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If you are injured due to the negligence of someone else and are unable to get the medical attention you need because of insurance and liability issues, a LOP may help. LOP simply means Letter of Protection.
How to Define LOP
The most basic LOP definition is that a Letter of Protection is a legally binding document between an injury victim, their personal injury attorney, and their medical provider that guarantees payment for medical expenses.
Letter of Protection for Medical Treatment
When someone is injured due to the negligence of someone else, a personal injury lawsuit can be filed seeking damages for injuries and losses. Consider: if the injured person needs medical treatment but doesn’t have the money to pay for that care- what happens?
In certain situations, their personal injury attorney may issue a Letter of Protection that basically guarantees that medical treatment rendered will be paid from a personal injury lawsuit settlement or award.
For example, imagine you are injured in a motor vehicle accident and your health insurance provider refuses to pay for medical treatment. Your provider may require the at-fault driver’s auto insurance carrier to foot the bill once you have completed treatment, and your healthcare provider may not be willing or able to wait for the money. This is where a Letter of Protection may be of benefit.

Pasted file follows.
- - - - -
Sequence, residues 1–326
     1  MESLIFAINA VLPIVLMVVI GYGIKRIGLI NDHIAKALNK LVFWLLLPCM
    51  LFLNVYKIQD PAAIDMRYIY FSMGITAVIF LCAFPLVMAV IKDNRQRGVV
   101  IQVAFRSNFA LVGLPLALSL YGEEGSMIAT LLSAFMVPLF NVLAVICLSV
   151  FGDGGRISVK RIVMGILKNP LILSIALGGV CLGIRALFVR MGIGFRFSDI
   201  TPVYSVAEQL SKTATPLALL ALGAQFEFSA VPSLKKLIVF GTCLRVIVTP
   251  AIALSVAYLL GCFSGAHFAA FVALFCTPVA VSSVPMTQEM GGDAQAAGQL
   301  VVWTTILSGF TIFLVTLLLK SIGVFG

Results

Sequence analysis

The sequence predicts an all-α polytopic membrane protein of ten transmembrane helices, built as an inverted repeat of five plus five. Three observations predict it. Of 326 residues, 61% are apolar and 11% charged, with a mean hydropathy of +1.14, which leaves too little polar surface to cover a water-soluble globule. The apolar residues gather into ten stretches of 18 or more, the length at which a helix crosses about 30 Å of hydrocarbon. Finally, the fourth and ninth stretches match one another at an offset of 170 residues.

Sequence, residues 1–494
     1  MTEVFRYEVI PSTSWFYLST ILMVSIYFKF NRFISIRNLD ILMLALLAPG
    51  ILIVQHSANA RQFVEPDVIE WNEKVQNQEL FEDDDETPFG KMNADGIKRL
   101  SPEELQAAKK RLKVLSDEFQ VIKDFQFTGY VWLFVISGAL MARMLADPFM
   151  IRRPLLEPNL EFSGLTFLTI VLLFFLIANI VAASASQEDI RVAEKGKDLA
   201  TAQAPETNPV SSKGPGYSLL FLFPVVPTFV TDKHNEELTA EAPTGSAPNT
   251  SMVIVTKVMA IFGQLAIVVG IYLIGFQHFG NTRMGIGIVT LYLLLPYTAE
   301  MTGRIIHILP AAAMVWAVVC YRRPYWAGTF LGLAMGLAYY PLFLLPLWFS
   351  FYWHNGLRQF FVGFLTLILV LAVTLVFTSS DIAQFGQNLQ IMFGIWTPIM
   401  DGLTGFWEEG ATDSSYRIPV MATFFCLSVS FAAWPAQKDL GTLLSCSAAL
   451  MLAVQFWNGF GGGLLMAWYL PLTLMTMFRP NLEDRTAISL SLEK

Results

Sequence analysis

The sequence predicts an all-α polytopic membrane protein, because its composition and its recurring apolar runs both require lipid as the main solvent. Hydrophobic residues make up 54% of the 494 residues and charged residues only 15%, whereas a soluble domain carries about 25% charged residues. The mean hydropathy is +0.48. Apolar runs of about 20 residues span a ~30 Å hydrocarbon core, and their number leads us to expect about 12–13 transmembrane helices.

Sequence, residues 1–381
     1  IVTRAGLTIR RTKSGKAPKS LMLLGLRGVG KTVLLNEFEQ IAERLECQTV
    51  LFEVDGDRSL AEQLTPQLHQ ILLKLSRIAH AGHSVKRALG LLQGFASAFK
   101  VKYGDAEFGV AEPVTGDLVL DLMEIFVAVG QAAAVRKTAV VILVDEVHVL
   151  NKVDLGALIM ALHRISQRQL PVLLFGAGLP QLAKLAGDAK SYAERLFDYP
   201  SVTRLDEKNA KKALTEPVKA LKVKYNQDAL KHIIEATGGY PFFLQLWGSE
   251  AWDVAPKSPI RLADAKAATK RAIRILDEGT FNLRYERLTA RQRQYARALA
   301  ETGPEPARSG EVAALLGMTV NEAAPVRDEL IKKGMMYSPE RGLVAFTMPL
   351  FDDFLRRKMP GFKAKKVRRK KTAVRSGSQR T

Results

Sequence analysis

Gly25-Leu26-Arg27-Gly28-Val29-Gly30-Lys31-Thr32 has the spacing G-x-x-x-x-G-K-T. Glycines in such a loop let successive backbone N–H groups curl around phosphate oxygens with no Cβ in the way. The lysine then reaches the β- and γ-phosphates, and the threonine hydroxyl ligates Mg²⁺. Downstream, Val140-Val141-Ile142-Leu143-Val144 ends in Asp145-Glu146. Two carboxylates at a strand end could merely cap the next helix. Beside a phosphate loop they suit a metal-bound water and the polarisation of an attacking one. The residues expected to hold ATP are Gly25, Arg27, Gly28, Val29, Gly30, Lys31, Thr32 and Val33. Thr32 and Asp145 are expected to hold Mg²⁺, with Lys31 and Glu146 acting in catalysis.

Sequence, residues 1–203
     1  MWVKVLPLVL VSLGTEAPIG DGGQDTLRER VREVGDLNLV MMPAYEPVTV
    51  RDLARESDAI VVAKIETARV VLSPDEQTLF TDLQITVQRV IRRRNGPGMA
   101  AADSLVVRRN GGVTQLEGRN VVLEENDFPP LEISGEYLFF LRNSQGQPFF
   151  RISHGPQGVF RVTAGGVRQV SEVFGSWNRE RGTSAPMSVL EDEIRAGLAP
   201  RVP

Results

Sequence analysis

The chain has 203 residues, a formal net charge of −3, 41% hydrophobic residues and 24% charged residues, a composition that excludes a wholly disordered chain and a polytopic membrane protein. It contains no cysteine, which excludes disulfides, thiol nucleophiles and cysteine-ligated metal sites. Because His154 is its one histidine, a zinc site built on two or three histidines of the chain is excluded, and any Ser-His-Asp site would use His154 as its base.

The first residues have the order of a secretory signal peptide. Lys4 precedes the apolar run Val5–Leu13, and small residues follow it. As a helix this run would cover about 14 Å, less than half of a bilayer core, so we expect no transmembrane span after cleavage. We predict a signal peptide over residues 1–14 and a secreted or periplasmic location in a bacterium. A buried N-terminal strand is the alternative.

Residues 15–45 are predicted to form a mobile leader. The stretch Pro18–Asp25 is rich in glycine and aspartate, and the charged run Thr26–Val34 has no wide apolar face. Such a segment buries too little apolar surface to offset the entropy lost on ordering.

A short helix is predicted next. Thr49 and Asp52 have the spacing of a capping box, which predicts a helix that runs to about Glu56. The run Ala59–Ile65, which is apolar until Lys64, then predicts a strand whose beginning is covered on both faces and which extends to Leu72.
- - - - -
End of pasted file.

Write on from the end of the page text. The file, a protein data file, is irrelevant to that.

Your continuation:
Letter of Protection for Medical Bills
A Letter of Protection is a contractual agreement between you and your healthcare provider. If you do not have private insurance coverage or your insurance provider has denied coverage and you don’t have the money for bills out of pocket, then your medical bills could easily mount to become a significant burden.
Your lawyer may be able to issue a LOP that promises your doctor that funds for medical bills will come from a personal injury lawsuit settlement or award. However, a letter of protection is generally not used when you do have private health insurance that will provide coverage.
Your insurance should be your first route of payment for medical bills.
A LOP is more often used when insurance providers deny coverage or when the injured does not have private health insurance and is unable to pay upfront.
But keep in mind, if there is no settlement or award, then the responsibility for paying those medical expenses will fall on the injured party.
Letter of Protection for Work Injuries
If you are injured at work, you may find that your private health insurance and workers’ compensation insurers might each demand the other entity pays for your medical care. Your ability to get the treatments you need could be affected when these types of situations occur.
However, personal injury attorneys can write a LOP to your doctor for medical expenses and bills that you may not be able to afford to pay out of pocket. The LOP can help you get the medical care you need by promising payment for that care will be paid directly from a personal injury lawsuit settlement or award.
Is a Letter of Protection Legally Binding?